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The Japantown in Brazil

Chapter 2: The Conde District - Brazil’s First Japantown - 2) The Birth of Taishō Elementary School

Because Japanese community groups and parent’s associations provided the foundation for the management of many of the Nikkei school systems before the war, it was natural for these schools to be established in areas with large Nikkei populations. Here, I would like to provide a general overview of the Taishō Elementary School which was established in the Conde District (Reference Map 2, 3, 4), the first Japantown in Brazil, and the circumstances of those days.

Map 4: Click to enlarge

The Taishō Elementary School was founded as Brazil’s first Nikkei school and was located in the heart of the Conde District, on Conde de Sarzedas Street. There were many reasons why Nikkei residents concentrated in this area, including the education of their children. In reality, the education of children was a serious problem not only in the inner-city areas, but to all of the Issei immigrant parents.  In “Burajiru Nihon imin 80 nen shi” (80 Years of History of Japanese Immigrants to Brazil - further referenced as “80 years of History”), the educational strategy of Nikkei Issei immigrant parents is summarized as follows.

When a Japanese colony was formed, a Japanese community group was immediately established. Through mutual friendship and cooperation, the group aimed to discuss ways to solve problems within the community. However, the biggest objective/project they faced was the creation of an educational system for their children. Every immigrant parent wished for their children, ones brought to Brazil at a young age and ones born in Brazil, to be taught fundamental Japanese language, knowledge and spirit, so as to not face difficulties when they would return to Japan (Nihon imin 80 nen shi hensann Iinnkai (Editing Comittee for 80 Year History of Japanese Immigration), 1991, pp.60-61).

In other words, dekasegi strategy ideology was still strong at the time and therefore, there existed a need for the education of Brazil-born Nikkei children to become “Japanese.”

Around 1913-14, a man named Jinshirō Tagashira ran a private school on Conde de Sarzedas Street. Shinzō Miyazaki, who later became the first principal, took over the private school from Mr. Tagashira and named it Taishō Elementary School. In Burajiru nihon imin/ Nikkei shakai shi nenpyō -Handa Machio henncho kaitei zōho ban- (Japanese Immigration to Brazil/ Chronology of Japanese Social History -Machio Handa Compilation Expanded Revised Edition - further referenced as “Chronology”), Taishō Elementary School is recorded to have been establish on October 7th, 1915 (São Paulo Center for Japanese-Brazilian Studies, 1996, p.36). In contrast, Naju Suzuki (1941), a pre-Kasato Maru Japanese immigrant, stated that Mr. Miyazaki had already been teaching children at the same location in the 3rd year of the Taishō Era (1914) (p.212). As I later state, the foundation for the management of the school, the Nikkei community’s largest educational facility, was so ambiguous that it is even hard to determine a correct date of establishment. Mr. Suzuki describes the school’s situation as follows.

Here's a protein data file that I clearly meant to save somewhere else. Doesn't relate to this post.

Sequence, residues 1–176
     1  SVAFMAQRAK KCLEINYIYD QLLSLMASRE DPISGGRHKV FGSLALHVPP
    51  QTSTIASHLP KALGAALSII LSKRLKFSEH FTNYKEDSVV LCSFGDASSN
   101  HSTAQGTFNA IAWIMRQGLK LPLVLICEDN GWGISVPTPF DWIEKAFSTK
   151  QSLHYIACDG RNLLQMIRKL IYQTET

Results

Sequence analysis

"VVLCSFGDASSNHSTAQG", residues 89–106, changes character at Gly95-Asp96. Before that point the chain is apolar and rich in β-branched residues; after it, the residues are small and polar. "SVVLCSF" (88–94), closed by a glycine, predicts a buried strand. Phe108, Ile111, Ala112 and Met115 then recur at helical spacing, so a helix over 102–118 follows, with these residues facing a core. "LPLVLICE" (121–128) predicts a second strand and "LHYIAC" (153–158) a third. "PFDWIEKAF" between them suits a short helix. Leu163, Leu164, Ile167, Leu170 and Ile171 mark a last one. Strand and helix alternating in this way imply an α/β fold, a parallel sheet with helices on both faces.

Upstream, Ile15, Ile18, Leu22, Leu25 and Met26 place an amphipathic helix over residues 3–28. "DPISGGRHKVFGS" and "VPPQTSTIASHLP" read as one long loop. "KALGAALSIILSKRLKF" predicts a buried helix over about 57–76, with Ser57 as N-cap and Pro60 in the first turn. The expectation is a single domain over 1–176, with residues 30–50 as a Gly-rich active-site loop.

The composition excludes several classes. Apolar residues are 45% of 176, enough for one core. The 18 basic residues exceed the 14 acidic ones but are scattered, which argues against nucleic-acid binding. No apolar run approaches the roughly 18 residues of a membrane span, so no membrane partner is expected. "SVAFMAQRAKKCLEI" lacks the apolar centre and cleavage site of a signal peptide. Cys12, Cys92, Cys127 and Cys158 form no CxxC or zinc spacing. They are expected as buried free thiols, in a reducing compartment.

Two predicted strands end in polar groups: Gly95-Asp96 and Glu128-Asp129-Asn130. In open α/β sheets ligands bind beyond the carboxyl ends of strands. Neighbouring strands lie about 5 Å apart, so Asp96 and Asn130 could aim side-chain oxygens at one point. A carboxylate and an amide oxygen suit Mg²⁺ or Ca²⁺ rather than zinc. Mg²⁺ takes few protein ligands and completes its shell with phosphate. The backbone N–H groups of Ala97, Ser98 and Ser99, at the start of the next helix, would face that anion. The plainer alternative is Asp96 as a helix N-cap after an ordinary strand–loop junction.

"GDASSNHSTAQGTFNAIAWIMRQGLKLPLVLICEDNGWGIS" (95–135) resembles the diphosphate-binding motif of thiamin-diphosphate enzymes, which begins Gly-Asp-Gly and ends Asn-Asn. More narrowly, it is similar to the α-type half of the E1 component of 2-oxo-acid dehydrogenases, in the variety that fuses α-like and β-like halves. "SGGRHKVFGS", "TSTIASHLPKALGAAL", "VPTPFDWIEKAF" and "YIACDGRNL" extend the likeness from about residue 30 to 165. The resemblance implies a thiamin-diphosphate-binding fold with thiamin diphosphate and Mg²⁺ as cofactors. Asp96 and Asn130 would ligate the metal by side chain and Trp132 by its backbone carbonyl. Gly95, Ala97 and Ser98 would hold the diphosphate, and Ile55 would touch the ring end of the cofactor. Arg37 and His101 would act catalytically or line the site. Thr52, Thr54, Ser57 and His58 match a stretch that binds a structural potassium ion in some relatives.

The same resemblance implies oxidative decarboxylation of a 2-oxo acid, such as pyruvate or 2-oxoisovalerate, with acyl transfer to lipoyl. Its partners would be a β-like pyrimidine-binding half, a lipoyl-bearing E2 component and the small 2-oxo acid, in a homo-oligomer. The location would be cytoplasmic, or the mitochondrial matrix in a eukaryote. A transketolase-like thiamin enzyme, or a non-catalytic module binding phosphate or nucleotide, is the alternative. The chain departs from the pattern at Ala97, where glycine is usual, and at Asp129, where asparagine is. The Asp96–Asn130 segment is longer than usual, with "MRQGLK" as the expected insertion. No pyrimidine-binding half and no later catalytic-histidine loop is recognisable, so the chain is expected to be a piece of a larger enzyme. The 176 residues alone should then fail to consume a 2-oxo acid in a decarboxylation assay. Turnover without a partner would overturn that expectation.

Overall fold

Taishō Elementary School is located on the right side of the street when going down the Conde hill, and is run in a rented room of an indented, one story building across from Seihachi Kimura’s house. There were only three students at first, and grew to five, then to seven. The monthly tuition fee was three Real. Since the rent for the room was 20 Reais, even when there were seven students, we were able to only just pay the rent (p.214).

Later, Taishō Elementary School relocated to several different places along Conde de Sarzedas Street and in 1919, was finally recognized as a private school by São Paulo City1. The following year, a committee was established, and with the development of the Japantown in the Conde District, the student body grew.  The first principal Miyazaki passed away in 1924 and Chiune Yoshiwara was appointed to take his place (Paulista Newspaper, 10/02/1975).

Students of Taishō Elementary School (ca. 1940)

In October of 1928, with the assistance of the São Paulo Japanese School Parent’s Association, founded in the same year, and the full support of the consulate-general, Taishō Elementary School moved to San Joaquin Street, where the Brazil Japanese Cultural Association building now also stands. The move, however, was not a drastic one in that the new location was within the same Liberdade District and only a 10 minute walk from the old location (Reference Map 2). The newly purchased school building had eight classrooms and a staff room on the lower floor, and a boarding house for the school’s parent’s association (Paulista Newspaper, 10/03/1975). From 1932, Japanese teachers with teaching degrees were dispatched to the school through the Ministry of Foreign Affairs and Taishō Elementary School became the central educational facility for Japanese learning in Brazil. Further, major events of the São Paulo Nikkei society such as the four national holidays, starting with tenchōsetsu (the Emperor’s birthday), were held at the school, accompanied by the members of the consulate. In other words, Taishō Elementary School became an institution for the unification of the Nikkei community culture and spirit, as well as the epitome of a native language school for the ethnic community.